When a Warning Is Issued
Monitor storm reports
Leave mobile homes
Prepare for high winds
Relocate boats on trailers
Check boat mooring lines
Store valuables and paperwork
Prepare for floods and tornadoes
Double-check survival supplies
This material is provided as a public service. Its purpose is to increase hurricane awareness. The key to survival is advance preparation!
- Take your disaster supply kit
- Bring pillows and blankets
- Have a safe place to go
- Bring extra cash
- Enact your pet plan
- Bring important family documents in a waterproof container
- Secure your home
- Follow your county evacuation map
- Don’t drive on flooded roads
- Follow officials’ instructions
- Stay away from downed power lines
- After the threat, listen to local officials for the all-clear
If You Stay at Home
If you are not able to evacuate, it is best to stay at a shelter. In the event of a disaster, there are special shelters set up for those with special medical needs. If you do choose to stay at home, follow these tips:
- Cover all windows and doors with shutters or other shielding materials
- Have extra cash on hand
- Have a weather radio on hand for frequent updates
- Follow instructions of local officials
- Stay away from windows and doors
- Go to an interior room on the first floor
- Have a family communication plan
- Remain indoors even during the eye of the storm
Portable generators are a good source of alternative power if an outage occurs, but they should only be used in emergency situations. An improperly installed or operated generator can be deadly! Click here for more information on safely operating a generator.
After a Hurricane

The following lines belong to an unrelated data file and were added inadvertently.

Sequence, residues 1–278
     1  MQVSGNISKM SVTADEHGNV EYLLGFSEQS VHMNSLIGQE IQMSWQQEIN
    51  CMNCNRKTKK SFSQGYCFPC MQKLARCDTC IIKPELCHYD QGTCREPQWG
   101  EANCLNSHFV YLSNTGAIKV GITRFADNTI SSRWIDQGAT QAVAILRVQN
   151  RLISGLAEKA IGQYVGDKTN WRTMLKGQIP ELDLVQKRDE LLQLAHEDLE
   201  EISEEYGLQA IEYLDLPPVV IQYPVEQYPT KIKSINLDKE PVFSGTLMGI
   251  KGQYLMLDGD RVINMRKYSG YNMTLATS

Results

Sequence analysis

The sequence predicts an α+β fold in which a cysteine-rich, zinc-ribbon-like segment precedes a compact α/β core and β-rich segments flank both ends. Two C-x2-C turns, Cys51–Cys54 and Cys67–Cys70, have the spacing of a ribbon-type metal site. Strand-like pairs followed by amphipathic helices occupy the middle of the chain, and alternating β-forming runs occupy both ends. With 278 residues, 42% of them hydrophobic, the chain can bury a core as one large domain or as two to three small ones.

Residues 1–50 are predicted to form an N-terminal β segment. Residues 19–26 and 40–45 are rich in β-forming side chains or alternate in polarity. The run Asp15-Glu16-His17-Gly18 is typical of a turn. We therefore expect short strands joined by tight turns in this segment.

What to Do After a Hurricane
- Contact local officials to see if it is safe to return
- Check with officials for a safe route to return
- Make sure your residence is safe
- Be cautious of downed power lines
- Follow all instructions of local officials
- Do not drink water until notified that it is safe
- Be cautious of spoiled food
- Take inventory of destroyed and damaged property
- Contact your insurance company
When a hurricane strikes, it often causes widespread power outages. Restoring power after a major outage is a big job that involves much more than simply throwing a switch or removing a tree from a line. Our goal is to restore power SAFELY to the greatest number of people in the shortest time possible.
Stay clear of trees that may have fallen on power lines.
Remember, a power outage may effect thousands of other customers, so please be patient as we work to restore your power safely and efficiently.
More info on power restoration can be found here.
Responsibility for the cleanup falls to numerous local, state and federal agencies. A local disaster coordinator/director or his representative will be on hand to help residents in this effort. But, in the meantime, help your neighbors. Recovery quickens with cooperation from all.
- Notify your insurance company
- Apply for relief with FEMA
- Protect property
- Remember, recovery is a team effort
For more information about hurricane preparedness, survival and relief, visit the Federal Emergency Management Agency (FEMA) website.
Managing Storm Debris
You know what to do when a dangerous storm hits, but what about afterwards? Cooperation and proper clean-up procedures can go a long way toward regaining our way of life.
Please be sure to separate your debris into the following categories:
- Yard Debris – including trees and brush
- Building Debris – including construction materials, carpet and furniture
- Bulky Metal Items – including appliances and bikes
- Household Garbage – including food and paper waste
- Household Hazardous Materials – paint, solvents, cleaners, fertilizers and insecticides should be separated with extreme care
And, as you clear debris from your yard and home, please be careful not to block:
- Fire hydrants
- Utility boxes
Do your part to help speed up the recovery process!
Do You Live In a Flood Zone?
To find out, click here and select the “Flood Zones” layer.